CUHK Rural Architectural Project Wins Top International AwardFirst Hong Kong Team To Receive ‘the Oscar of Architecture’
An anti-seismic earth house built by the One University One Village (1U1V) team at The Chinese University of Hong Kong (CUHK) has been awarded the World Building of the Year 2017 at the World Architecture Festival (WAF) — ‘the Oscars of architecture’. This is the first time an architecture team in Hong Kong has won this prestigious award. The prototype house constructed for an aged couple in Yunnan demonstrates how traditional methods can be improved to provide villagers safe, affordable, comfortable, and sustainable homes. It also shows that architecture can be enjoyed by the poor as much as the rich.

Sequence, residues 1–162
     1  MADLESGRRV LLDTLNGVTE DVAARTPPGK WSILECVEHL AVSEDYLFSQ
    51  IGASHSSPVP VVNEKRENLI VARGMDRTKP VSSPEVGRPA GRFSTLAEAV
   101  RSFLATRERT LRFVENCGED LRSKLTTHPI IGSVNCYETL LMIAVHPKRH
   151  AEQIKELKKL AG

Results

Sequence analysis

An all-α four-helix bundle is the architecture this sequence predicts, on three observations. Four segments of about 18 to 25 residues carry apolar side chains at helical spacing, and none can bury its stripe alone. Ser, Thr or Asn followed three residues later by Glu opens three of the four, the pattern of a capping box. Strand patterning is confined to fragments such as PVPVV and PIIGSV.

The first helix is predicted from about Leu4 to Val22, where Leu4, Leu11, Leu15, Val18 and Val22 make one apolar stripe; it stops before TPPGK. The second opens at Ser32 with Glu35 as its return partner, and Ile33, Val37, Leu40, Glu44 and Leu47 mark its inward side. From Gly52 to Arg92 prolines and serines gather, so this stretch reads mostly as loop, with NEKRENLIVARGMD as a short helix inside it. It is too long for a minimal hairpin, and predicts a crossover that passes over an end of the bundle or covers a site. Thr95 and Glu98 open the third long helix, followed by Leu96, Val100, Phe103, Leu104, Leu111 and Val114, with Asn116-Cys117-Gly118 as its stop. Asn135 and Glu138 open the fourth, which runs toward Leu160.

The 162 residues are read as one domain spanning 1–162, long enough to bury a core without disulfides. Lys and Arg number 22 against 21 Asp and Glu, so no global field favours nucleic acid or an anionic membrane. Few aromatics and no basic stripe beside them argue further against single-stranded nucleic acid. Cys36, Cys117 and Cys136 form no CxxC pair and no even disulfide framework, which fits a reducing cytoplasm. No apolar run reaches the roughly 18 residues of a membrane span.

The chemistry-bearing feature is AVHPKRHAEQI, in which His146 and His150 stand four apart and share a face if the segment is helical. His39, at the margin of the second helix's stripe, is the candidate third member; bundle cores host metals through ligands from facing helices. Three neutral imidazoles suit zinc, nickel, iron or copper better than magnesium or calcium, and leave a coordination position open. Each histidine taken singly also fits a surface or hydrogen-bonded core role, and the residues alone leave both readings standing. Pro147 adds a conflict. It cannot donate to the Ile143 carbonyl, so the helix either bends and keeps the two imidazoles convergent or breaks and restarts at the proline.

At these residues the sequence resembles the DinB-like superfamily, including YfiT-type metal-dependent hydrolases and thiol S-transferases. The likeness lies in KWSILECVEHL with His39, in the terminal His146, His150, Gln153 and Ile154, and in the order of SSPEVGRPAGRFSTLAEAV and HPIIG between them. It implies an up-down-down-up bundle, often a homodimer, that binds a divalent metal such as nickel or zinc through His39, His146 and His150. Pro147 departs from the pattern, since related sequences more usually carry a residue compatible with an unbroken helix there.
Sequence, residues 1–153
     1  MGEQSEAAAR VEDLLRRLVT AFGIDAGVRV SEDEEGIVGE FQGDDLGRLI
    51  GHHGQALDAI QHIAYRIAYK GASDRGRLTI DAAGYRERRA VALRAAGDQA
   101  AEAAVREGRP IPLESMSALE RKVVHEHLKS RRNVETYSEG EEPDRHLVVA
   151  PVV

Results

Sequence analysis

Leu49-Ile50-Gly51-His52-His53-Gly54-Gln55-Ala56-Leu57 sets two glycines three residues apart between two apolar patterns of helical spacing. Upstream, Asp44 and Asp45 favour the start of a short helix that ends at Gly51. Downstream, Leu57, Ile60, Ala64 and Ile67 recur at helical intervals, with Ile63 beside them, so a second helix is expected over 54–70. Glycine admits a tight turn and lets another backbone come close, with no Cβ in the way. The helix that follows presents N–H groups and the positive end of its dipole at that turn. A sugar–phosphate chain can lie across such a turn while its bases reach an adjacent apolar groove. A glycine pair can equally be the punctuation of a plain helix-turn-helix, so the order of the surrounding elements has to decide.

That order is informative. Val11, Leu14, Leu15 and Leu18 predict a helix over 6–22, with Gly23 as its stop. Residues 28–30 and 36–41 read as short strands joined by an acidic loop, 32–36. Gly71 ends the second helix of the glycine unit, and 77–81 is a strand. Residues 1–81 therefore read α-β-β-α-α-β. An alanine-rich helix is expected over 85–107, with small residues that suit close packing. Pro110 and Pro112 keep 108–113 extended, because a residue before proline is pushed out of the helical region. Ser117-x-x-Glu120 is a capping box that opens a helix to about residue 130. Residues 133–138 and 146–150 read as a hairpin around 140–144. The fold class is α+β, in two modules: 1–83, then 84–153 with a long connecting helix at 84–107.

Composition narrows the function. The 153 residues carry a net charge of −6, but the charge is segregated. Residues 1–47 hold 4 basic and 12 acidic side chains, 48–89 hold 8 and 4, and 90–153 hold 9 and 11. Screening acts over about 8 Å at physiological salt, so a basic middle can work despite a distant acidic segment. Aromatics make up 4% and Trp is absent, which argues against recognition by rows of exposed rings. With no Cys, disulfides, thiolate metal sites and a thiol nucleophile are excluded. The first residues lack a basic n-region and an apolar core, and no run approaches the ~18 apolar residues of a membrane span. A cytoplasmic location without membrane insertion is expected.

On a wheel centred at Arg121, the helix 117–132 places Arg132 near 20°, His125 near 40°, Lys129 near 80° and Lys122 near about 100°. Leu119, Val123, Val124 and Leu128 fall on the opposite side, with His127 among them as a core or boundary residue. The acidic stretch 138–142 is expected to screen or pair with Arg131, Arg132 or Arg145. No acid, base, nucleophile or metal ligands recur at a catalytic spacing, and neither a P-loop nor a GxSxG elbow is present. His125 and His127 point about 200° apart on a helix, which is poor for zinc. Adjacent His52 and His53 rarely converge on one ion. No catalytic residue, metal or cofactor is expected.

The house in Guangming Village claimed the title of World Building of the Year, and was described as ‘extraordinary’ by WAF judges for addressing profound problems ordinary people face. It was built in response to the Ludian earthquake in 2014, which left 617 people dead and thousands homeless. Employing an innovative rammed-earth construction technique, the prototype house has not only provided a safe and comfortable home for the aged couple, but also rebuilt the confidence of the villagers in traditional rammed-earth buildings.